Volunteers [to top]

o other war in our nation’s history has produced more division, animosity, protest, and distrust of the military by society than the Vietnam War. Yet, at its beginning, the Vietnam War had a significant amount of support from the American people that was manifested in ways that relate to the citizen-soldier. The Senate Armed Services Committee’s 1971 Report on Selective Service and Military Compensation concluded that over 75 percent of those who served in the military from 1964 to 1965 were volunteers.1 The statistics for the entire Vietnam Era are even more revealing. From the period August 1964 to May 1975, 9.2 million personnel served in the military with 3.4 million actually serving in the Southeast Asia Theater. Of this latter number, 2.5 million served within the borders of South Vietnam during the war. Only 648,500 of the 2.5 million were draftees, or slightly more than 38 percent from the period January 1965 to May 1973. Nearly two-thirds of those service members who served in the Southeast Asia Theater in the Vietnam War were volunteers.2 Outside of the Southeast Asia Theater, the percentage of volunteers rises to nearly 75 percent for the Vietnam Era up through 1971.3

Motivation [to top]

eyond understanding that the majority of those who served during the Vietnam Era were volunteers, it is also important to understand the
  Lieutenant Rick Rescorla, Platoon Leader, B Co, 2/7 Cav, 16 Nov 1965. Photo by Peter Arnett.
motivation behind their service.  The recruits that entered the armed services in the Vietnam Era were comprised of “true” volunteers, “draft motivated” volunteers (thereby exercising some control over their branch of service and occupational specialty), and draftees.4 The motivations of those who volunteered were as numerous as any other time in our nation’s history. Some volunteered out of a sense of moral obligation or family tradition, while others sought enlistment in order to gain skills for use in the civilian sector or money for education.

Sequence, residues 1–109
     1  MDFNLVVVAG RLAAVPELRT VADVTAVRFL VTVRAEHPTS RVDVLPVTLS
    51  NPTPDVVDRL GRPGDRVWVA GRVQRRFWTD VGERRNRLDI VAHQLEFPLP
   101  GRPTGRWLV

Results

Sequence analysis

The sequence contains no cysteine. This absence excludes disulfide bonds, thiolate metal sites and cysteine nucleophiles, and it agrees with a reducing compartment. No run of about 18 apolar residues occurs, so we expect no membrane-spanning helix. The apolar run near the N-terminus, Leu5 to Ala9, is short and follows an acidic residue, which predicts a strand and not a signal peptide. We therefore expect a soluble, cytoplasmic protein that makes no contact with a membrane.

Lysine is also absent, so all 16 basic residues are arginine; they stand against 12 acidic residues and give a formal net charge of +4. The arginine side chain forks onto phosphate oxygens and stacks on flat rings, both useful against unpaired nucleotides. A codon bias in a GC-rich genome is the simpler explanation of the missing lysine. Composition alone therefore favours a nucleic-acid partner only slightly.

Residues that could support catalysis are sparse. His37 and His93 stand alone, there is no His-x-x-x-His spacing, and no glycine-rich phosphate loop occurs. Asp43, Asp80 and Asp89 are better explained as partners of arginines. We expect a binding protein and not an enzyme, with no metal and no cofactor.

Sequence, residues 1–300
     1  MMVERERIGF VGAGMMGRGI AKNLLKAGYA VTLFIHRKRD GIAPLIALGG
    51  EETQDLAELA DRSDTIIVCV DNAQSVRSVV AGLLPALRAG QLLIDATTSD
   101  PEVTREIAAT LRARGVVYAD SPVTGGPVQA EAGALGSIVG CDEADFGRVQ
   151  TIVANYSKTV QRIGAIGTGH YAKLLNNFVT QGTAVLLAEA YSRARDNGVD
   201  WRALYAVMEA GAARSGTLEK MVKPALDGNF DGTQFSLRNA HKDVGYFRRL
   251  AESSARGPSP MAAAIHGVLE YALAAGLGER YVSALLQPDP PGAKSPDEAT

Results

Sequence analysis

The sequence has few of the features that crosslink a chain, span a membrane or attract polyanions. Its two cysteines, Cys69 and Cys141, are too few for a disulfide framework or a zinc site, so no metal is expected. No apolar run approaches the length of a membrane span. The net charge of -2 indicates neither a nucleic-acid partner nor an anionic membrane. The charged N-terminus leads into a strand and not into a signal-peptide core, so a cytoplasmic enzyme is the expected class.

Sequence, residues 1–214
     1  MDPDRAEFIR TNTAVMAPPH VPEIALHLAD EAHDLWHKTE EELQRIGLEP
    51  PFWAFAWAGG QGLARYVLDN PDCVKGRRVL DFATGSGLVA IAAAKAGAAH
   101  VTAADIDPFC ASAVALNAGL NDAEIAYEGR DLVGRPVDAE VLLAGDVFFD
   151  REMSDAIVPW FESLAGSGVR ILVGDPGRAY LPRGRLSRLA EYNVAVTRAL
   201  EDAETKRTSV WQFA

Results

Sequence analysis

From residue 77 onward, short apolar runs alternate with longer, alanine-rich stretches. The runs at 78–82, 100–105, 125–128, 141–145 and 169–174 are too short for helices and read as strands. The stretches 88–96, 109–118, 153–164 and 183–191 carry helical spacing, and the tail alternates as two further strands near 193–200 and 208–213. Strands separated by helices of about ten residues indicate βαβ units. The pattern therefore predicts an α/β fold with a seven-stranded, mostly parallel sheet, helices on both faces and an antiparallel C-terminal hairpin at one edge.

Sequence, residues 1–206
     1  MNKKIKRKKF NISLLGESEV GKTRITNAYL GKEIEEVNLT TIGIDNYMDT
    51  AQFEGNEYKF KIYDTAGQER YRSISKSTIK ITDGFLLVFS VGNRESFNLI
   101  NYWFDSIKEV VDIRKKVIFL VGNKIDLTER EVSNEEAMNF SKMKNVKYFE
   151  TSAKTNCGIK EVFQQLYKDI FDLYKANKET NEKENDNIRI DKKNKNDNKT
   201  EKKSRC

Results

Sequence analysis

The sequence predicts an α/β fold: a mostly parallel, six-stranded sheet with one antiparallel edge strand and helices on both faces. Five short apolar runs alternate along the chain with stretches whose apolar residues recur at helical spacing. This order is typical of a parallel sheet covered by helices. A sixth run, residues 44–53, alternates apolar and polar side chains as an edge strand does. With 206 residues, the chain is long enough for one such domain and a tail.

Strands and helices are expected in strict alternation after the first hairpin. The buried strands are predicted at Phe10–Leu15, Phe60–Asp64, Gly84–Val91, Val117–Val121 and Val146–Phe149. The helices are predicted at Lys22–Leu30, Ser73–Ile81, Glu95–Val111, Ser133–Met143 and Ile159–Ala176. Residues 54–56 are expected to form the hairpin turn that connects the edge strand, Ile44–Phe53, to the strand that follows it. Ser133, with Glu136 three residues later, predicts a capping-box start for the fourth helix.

hose that volunteered were men like Richard Davis, whose father had served and died in the service of his country during the Korean War. Davis enlisted in the Army as soon as he graduated from high school in 1967 and volunteered for the Special Forces.5 Others served out of a sense of their moral obligation.  Men like W. D. Ehrhart, who writes in his online PBS essay, “The Volunteer” that: “I kept coming back to the thought of delaying college long enough to serve my country. I'd written on the cover of my school notebook John Kennedy's clarion call: ‘Ask not what your country can do for you; ask what you can do for your country.’ Now I had my chance to answer that challenge.”6

Representation [to top]

hose who served during the Vietnam War came from vastly different socioeconomic and educational backgrounds. While popular conceptions about those who served in Vietnam point to a participation gap between America’s upper class and lower class, the statistical evidence does not support this assertion. Michael Useem and his national survey in the fall of 1968 demonstrated that there was no linear prediction of someone serving in the military based on their level of education or socioeconomic status. In fact, Useem found just the opposite; that is, rich and poor, well educated and under educated were underrepresented in the armed services of the Vietnam Era.7 Useem’s analysis suggests that from 1964 to 1968 it was middle class and middle educated who were represented in the military. Indeed, in
  Black soldiers carry and escort a wounded white soldier in Vietnam. Photo by Corbis Bettman.
considering the entire Vietnam Era, the difference between socioeconomic and educational factors between those who served and those who did not is minimal. The average combined parental income of surveyed Vietnam veterans was 8,423 dollars and 8,215 dollars for surveyed non-veterans. Additionally, the average combined parental education level for the veteran was 21 years and 20.4 years for the non-veteran. Finally, the average education level of the veteran and non-veteran was equal at 12.6 years.8 Nor was race a discriminating factor in determining who served in Vietnam. A detailed examination of the service data reveals that 88.4% of the men who actually served in Vietnam were Caucasian (including Hispanics); 10.6% (275,000) were black; 1% belonged to other races. Nor was there any over representation of minorities among those who were killed or wounded. In fact, 86.3% of the men who died in Vietnam were Caucasian (including Hispanics); 12.5% (7,241) were black; 1.2% belonged to other races.9